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What is a Residential Mortgage?

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  • Written By: Malcolm Tatum
  • Edited By: Bronwyn Harris
  • Last Modified Date: 02 October 2018
  • Copyright Protected:
    2003-2018
    Conjecture Corporation
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Residential mortgages are mortgage agreements that are used to finance the purchase of residential property, or a loan that is executed using a piece of residential property as the collateral. Mortgages of this type are often used to either purchase a home or to obtain resources that are in turn used to make improvements to the property. In many countries, there are limitations on the amount of funds that may be borrowed using a residential mortgage, with those limitations often connected with the currently assessed market value of the property.

Like many types of loans, a residential mortgage is extended by a financial institution to the borrower, based on several factors. First, the borrower must meet the minimum credit qualifications put in place by the lending institution. If the individual has some issues with late payments on obligations such as credit cards, a car loan, or other credit instruments, the possibility of not receiving the mortgage increases. This is true even if the individual currently has little in the way of debt, and earns enough on an annual basis to manage the payments.

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When considering an application for a residential mortgage, the lender will also look closely at the current relationship between the outstanding debt of the applicant and the current level of verifiable income. Even if the individual earns what is considered a sufficient amount of salary or wages on an annual basis, the existence of a great deal of cumulative debt may also cause the lender to consider the degree of risk associated with the application to be undesirable. For this reason, many financial analysts encourage people interested in buying a home to pay down their current obligations before seeking to secure a residential mortgage.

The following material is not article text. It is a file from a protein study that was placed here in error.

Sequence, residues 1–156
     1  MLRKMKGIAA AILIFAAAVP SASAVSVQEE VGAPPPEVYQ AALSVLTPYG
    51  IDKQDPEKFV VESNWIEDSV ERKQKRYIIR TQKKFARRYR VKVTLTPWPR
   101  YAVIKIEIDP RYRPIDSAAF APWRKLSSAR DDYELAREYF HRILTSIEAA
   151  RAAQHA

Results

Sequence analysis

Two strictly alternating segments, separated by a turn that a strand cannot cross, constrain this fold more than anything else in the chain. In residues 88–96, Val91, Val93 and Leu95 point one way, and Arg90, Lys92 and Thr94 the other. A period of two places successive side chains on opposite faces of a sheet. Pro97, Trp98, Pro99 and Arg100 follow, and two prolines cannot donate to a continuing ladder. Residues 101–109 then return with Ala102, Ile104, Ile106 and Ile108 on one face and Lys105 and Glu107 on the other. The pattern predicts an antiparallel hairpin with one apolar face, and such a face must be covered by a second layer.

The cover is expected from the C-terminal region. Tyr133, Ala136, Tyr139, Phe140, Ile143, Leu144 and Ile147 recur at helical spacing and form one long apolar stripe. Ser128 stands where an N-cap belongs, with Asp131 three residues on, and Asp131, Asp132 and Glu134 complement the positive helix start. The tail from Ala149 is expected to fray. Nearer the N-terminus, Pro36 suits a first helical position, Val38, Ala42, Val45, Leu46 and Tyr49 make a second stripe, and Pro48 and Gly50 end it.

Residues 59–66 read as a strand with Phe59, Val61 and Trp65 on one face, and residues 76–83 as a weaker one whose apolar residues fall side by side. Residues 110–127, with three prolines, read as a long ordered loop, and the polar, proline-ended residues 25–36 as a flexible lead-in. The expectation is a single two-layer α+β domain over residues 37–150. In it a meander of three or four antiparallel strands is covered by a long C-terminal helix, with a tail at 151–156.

There are also limitations on the amount of a residential mortgage, based on the current value of the property. It is not unusual for lenders to extend mortgages that cover only a percentage of the assessed value of the real estate, with the applicant expected to cover the rest of the purchase price independently. This is because property values change over time, and the property may appreciate or depreciate in value throughout the duration of the mortgage. There are lenders who will cover the entire cost of purchase, often requiring a higher rate of interest as a means of mitigating the degree of risk the lender assumes.

In some countries, it is necessary to open a savings account in order to receive the mortgage. Sometimes referred to as a deposit account, this strategy essentially allows the lender to not only secure the loan with the property that is purchased, but also with the proceeds in the account. This approach to lending helps to minimize the degree of risk to the lender, and can often result in the applicant receiving a more attractive rate of interest on the mortgage itself.

One of the benefits associated with a residential mortgage involves the tax breaks that are generated for the new homeowner. In many countries, deductions on the interest and overall balance of the mortgage are allowed each tax year. In some areas, these tax deductions not only apply to the national or federal tax return, but also to state and local tax returns.

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